Just a short five years ago, gay bibliophiles in San Francisco, Nashville, West Hollywood, Atlanta, D.C., New York City and Philadelphia could count on the magic of an indie gay bookstore in their hometowns. By the end of the weekend, all seven of those cities will have officially lost their local LGBT bookstore.
The last one to go will be Giovanni’s Room in Philadelphia, whose owner Ed Hermance told Philadelphia Gay News that the bookshop he’s owned for 38 years will close its doors on May 17.
“It has been a wonderful life for me and it combines my best skills with my deepest interests, so it certainly is going to be a lifetime’s work. I know that thousands of people have used and cared about this store. It is very emotional for me,” Hermance said.
News of the oldest surviving LGBT bookstore shutting down prompted Steve Berman, publisher of Lethe Press and a friend of Hermance, to pen a personal essay that tied the demise of these shops to the tragic state of the gay publishing industry as a whole.
Berman writes that this epidemic has been slow, but no one would argue that Amazon certainly has played an important part in accelerating the LGBT bookstore death toll. Certainly not Hermance, who was quoted in the PGN as saying, “The government is allowing Amazon to tighten their fingers around the throats of the publishers and drive their retail competitors out of the business by clearly monopolistic methods.”
Furthermore, Berman argues that Amazon’s capitalistic raid on physical retailers is not the sole culprit.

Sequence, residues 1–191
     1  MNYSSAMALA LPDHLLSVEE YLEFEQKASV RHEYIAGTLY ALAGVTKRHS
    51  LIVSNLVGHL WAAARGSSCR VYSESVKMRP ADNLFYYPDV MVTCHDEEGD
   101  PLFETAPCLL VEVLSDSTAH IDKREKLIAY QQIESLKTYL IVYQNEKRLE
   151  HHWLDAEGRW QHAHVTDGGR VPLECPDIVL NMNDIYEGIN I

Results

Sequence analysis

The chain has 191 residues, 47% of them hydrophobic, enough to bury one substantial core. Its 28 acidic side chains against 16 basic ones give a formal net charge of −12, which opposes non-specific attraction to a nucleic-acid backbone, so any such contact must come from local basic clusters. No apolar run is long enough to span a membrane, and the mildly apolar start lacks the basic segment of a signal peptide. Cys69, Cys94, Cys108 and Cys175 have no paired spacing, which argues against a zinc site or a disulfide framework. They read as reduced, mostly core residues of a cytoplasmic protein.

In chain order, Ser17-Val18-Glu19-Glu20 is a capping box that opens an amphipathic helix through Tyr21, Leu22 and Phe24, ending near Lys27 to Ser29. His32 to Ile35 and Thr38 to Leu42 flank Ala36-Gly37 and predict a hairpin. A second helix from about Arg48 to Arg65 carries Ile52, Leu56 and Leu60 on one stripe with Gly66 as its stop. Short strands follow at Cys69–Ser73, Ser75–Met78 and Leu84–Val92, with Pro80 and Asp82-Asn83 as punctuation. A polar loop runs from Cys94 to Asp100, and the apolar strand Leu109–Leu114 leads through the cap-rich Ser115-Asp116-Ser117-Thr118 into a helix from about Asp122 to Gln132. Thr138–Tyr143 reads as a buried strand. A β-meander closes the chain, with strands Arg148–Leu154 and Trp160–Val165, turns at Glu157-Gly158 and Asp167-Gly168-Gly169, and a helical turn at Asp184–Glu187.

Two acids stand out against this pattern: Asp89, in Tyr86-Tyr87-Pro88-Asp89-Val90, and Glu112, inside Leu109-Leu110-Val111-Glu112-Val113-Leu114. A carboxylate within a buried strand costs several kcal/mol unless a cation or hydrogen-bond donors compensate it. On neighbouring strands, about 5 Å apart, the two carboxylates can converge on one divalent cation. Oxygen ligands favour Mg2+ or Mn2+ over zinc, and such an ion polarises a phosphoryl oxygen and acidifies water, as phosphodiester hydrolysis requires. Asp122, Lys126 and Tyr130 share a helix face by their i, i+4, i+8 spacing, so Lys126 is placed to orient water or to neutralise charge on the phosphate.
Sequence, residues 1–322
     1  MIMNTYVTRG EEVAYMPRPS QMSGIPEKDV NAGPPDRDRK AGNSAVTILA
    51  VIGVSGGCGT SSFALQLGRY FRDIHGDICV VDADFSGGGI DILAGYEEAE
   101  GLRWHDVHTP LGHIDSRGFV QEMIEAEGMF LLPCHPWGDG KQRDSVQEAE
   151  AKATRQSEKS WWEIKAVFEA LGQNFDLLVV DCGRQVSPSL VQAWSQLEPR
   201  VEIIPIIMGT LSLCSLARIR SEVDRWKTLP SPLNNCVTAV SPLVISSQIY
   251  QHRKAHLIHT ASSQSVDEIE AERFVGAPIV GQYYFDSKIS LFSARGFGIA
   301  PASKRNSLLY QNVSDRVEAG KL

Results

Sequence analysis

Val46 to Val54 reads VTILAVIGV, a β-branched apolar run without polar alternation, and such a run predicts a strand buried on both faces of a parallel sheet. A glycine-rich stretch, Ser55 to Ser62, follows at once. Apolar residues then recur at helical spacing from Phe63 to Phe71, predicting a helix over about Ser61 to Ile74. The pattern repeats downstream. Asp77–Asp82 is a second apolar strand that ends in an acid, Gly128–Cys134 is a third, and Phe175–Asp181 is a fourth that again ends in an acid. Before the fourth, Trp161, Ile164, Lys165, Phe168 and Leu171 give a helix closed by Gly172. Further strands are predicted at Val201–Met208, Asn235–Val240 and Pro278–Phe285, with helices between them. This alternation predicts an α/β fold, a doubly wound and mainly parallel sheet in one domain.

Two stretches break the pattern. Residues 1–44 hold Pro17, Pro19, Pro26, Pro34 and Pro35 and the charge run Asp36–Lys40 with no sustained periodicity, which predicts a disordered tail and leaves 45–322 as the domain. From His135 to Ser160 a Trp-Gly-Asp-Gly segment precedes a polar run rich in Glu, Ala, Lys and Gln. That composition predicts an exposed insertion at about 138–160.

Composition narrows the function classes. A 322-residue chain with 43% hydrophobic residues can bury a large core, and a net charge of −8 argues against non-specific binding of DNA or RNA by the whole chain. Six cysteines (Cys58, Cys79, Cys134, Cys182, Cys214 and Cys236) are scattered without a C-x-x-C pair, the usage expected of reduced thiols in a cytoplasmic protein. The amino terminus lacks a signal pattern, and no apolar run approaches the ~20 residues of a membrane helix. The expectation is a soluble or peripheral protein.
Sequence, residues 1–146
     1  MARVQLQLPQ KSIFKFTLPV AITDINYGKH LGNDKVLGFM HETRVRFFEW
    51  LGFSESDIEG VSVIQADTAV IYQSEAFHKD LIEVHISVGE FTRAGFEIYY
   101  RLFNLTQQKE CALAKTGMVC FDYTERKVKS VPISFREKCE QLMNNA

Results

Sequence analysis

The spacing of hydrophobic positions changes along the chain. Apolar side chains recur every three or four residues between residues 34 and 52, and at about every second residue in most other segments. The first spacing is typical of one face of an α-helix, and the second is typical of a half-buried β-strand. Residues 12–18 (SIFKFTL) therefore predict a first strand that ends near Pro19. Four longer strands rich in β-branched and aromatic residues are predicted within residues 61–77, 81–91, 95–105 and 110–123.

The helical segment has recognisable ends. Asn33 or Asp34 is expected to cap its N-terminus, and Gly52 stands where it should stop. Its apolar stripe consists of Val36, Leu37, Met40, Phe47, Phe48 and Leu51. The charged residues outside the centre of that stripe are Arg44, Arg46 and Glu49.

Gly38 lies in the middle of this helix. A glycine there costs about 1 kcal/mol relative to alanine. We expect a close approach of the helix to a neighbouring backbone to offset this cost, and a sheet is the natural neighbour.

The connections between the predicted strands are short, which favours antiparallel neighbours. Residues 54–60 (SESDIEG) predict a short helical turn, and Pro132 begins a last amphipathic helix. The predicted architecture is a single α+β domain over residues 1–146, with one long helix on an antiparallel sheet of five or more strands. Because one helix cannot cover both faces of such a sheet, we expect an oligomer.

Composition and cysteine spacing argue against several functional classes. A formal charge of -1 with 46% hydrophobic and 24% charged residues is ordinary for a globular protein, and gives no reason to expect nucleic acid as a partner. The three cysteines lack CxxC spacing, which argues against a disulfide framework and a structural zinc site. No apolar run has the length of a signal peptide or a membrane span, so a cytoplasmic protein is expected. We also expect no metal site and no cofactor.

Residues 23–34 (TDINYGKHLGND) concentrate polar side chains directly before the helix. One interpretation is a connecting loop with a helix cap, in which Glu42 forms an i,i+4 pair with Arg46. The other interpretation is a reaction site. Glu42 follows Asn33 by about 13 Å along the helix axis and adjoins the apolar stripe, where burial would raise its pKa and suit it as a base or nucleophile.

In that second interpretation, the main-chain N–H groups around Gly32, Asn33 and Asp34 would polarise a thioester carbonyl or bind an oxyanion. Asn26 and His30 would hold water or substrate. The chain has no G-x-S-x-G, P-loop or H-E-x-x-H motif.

“The community has failed the local bookstore,” he writes. “I remember working the front counter of Giovanni’s Room and men and women entering the store at all hours asking to hang posters or leave fliers for their LGBT event or cause. We always agreed and gave them space. And how many of these individuals would then walk around the store. None. We would get people associated with functions and charities and socials approaching Ed for gift certificates to offer as door prizes or silent auctions. And he would never refuse. And after he handed the certificate over, out the door they went.”
I worked at San Francisco’s branch of A Different Light, right up to the point it closed its doors in 2011, and I completely agree with Berman on this one. Many, many niche bookshops — quirky, tiny, fragile hidden worlds behind unassuming doors — have survived (even thrived!) against the beast that Amazon dot com.
For an LGBT bookstore to survive in this day and age, it needs to count with the unwavering financial support of the community for which it aims to be a hub.